Roughly 150 years ago, about half a million Tule Elk roamed California’s Central Valley. As with so many animals in America, the elks were game and men hunted the herds to near extinction. I recently visited the Tule Elk Reserve in Buttonwillow, near Bakersfield because this is the original reserve, the place where Henry Miller started his preservation project. The trip was different from most of my excursions; I seldom see wild animals outside of a zoo. I’ve never seen an elk before. The reserve is part of the California State Park System, and out in the middle of nowhere.
My daughter and I were lucky. We saw several elks almost immediately! They were near the fence and not far from the viewing platform. We were the only visitors in the park, so we took over that platform and did our best to get as high as possible. The elks were on the other side of the tule grass and almost obscured by it. We did see a couple of young bachelors testing their skills. This little joust didn’t come to anything.
Tule Grass is just what it looks like, a reedy cattail that grew in the marshes of California’s Central Valley when the rivers flowed freely and there were marshes. Elks eat Tule Grass and, on the reserve, their diet is supplemented with feed provided by the rangers. The Tule Grass in the photo is irrigated otherwise the land wouldn’t be wet enough to support it. These elks are native to California and take their name from the grass. Or is it the other way around?
Up close and personal
My visit was special for another reason, it was the last Saturday of the month! I intended to take the tour in which we drive out into the reserve accompanied by a ranger.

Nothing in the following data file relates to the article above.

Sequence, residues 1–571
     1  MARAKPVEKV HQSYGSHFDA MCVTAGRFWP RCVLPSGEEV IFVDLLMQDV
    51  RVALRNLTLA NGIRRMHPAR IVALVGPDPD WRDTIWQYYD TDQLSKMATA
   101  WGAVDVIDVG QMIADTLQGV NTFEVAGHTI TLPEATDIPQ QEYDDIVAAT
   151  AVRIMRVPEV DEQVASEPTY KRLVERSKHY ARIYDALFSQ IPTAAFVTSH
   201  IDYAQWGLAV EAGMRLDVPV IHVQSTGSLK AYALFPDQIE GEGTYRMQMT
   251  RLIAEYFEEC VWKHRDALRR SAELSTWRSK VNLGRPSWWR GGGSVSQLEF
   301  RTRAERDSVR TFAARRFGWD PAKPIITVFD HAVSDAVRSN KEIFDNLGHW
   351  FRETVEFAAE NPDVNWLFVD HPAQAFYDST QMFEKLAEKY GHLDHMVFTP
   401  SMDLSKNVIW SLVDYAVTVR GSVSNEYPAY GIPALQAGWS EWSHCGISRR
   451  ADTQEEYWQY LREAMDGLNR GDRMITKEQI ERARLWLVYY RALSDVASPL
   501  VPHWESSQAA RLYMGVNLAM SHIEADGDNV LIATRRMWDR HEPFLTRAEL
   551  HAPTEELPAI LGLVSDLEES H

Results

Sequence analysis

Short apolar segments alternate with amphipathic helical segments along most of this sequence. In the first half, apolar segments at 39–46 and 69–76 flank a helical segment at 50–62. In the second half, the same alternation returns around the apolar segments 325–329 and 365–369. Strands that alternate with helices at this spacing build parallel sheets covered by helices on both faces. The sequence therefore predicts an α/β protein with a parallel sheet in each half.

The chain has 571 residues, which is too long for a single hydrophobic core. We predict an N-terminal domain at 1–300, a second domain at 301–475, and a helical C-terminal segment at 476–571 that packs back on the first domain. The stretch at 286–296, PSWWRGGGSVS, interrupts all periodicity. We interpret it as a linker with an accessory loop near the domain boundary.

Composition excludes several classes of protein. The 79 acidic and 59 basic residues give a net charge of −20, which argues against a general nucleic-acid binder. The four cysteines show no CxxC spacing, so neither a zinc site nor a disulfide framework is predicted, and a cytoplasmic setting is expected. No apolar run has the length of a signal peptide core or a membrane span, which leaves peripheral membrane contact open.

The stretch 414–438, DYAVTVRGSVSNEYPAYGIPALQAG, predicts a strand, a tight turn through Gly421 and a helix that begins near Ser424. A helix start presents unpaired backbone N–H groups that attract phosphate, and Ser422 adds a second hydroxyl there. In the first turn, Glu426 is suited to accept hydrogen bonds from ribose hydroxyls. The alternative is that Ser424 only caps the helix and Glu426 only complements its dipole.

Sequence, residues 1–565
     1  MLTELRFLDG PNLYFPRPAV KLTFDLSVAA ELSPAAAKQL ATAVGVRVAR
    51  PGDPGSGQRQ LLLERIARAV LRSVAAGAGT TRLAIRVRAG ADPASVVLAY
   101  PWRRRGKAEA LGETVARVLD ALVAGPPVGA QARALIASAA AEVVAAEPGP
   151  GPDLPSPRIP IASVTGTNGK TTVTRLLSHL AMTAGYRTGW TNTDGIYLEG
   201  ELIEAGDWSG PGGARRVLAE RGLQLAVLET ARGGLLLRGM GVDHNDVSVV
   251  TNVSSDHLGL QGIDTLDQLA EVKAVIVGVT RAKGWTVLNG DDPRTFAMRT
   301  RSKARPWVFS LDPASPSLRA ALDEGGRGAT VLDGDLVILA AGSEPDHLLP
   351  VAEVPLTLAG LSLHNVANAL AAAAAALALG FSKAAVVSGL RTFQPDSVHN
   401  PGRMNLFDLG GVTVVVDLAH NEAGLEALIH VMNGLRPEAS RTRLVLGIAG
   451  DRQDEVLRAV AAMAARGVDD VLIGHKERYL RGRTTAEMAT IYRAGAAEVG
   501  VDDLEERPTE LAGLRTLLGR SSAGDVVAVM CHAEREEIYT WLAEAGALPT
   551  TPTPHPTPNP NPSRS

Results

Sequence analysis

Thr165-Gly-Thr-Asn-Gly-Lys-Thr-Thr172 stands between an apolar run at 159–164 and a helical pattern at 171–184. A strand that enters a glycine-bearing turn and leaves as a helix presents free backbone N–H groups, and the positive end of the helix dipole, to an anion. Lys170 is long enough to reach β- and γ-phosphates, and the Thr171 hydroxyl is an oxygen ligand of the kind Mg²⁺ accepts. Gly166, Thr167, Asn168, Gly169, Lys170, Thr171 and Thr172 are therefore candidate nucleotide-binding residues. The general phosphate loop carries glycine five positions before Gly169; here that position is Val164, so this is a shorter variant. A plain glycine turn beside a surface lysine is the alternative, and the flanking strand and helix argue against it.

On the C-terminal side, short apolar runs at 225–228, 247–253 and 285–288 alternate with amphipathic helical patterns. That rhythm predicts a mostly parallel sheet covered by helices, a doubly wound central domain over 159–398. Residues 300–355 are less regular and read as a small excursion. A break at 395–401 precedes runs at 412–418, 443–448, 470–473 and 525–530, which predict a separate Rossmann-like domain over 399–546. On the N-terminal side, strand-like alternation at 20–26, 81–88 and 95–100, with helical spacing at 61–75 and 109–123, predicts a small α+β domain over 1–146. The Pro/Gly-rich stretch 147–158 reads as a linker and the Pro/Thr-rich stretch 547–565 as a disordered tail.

If you visit the reserve on any other day, you will be limited to the entrance area. The elk herd may not be hanging around the fence, which means you may not see any animals other than birds.
The Buttonwillow facility is about 950 acres and home to a herd of 30 to 40 elk. My daughter and I saw most of them.
The land is flat with little in the distance on this hazy afternoon. I think I would have been more popular if I had come with a bale of hay or something. I’m sure there’s some rule about feeding the wild animals.
Can you yodel?
Tule elk are silent animals except during rutting season when the bulls make some weird high pitched bellows. One wouldn’t think that animals that weigh a quarter of a ton could hit those high notes.
Maybe yowl isn’t the right term. Whether right or wrong one thing is certain; once you’ve heard this sound, you won’t forget it!
We continued a little further into the reserve. Our turn around point was “the bridge.”
I liked the weathered planks which seem to emphasize the dryness of the landscape. Even the canal or creek under the bridge was dry. Perhaps in the spring, some water from the Kern River will come this way. Nonetheless, there must be a bit of water somewhere because the grass and bushes were greener near the bridge. I think this area is called the Buena Vista Slough. It once was wetlands.
After a few minutes to stretch our legs and photograph the area, our entourage took a straight road back to the main entrance stopping as needed when we saw some elk.
Out luck held and there was a lone bull near the gate. There’s always time for one more photograph.
- Tule is pronounced Too-Lee, similar to the name Julie.
- There is a small fee per car. Envelopes are located near the entrance. One simply puts the cash in the envelope and drops it in the slotted box.
- The docent-led tour takes place on the fourth Saturday of the month. It’s the only time one can enter the reserve.
- Bring binoculars.
- There is a small visitor center with additional natural/wildlife exhibits pertaining to the park.
To see more photos from my Tule elk adventure, please click here.